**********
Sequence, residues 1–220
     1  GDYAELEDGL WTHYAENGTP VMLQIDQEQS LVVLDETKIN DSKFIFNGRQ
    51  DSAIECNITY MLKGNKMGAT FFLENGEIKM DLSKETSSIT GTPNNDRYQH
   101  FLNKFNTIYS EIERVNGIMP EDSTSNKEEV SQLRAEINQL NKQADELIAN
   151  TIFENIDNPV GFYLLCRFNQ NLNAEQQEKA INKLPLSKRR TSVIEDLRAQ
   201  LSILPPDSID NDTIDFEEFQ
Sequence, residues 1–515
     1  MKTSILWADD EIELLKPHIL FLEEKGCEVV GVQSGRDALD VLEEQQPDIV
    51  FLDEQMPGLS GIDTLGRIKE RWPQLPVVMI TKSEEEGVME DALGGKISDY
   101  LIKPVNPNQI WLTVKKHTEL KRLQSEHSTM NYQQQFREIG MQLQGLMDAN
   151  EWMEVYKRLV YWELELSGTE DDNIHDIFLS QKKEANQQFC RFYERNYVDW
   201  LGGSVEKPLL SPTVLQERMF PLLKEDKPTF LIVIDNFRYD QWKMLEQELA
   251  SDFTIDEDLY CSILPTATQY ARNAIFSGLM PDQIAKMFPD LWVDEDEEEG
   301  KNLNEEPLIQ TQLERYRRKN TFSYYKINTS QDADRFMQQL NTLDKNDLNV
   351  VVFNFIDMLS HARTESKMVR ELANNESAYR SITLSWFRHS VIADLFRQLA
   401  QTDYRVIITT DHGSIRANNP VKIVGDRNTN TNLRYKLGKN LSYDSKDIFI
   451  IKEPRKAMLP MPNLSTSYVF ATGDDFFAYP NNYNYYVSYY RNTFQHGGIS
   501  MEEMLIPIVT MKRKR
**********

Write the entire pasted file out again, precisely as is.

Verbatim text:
Sequence, residues 1–220
     1  GDYAELEDGL WTHYAENGTP VMLQIDQEQS LVVLDETKIN DSKFIFNGRQ
    51  DSAIECNITY MLKGNKMGAT FFLENGEIKM DLSKETSSIT GTPNNDRYQH
   101  FLNKFNTIYS EIERVNGIMP EDSTSNKEEV SQLRAEINQL NKQADELIAN
   151  TIFENIDNPV GFYLLCRFNQ NLNAEQQEKA INKLPLSKRR TSVIEDLRAQ
   201  LSILPPDSID NDTIDFEEFQ
Sequence, residues 1–515
     1  MKTSILWADD EIELLKPHIL FLEEKGCEVV GVQSGRDALD VLEEQQPDIV
    51  FLDEQMPGLS GIDTLGRIKE RWPQLPVVMI TKSEEEGVME DALGGKISDY
   101  LIKPVNPNQI WLTVKKHTEL KRLQSEHSTM NYQQQFREIG MQLQGLMDAN
   151  EWMEVYKRLV YWELELSGTE DDNIHDIFLS QKKEANQQFC RFYERNYVDW
   201  LGGSVEKPLL SPTVLQERMF PLLKEDKPTF LIVIDNFRYD QWKMLEQELA
   251  SDFTIDEDLY CSILPTATQY ARNAIFSGLM PDQIAKMFPD LWVDEDEEEG
   301  KNLNEEPLIQ TQLERYRRKN TFSYYKINTS QDADRFMQQL NTLDKNDLNV
   351  VVFNFIDMLS HARTESKMVR ELANNESAYR SITLSWFRHS VIADLFRQLA
   401  QTDYRVIITT DHGSIRANNP VKIVGDRNTN TNLRYKLGKN LSYDSKDIFI
   451  IKEPRKAMLP MPNLSTSYVF ATGDDFFAYP NNYNYYVSYY RNTFQHGGIS
   501  MEEMLIPIVT MKRKR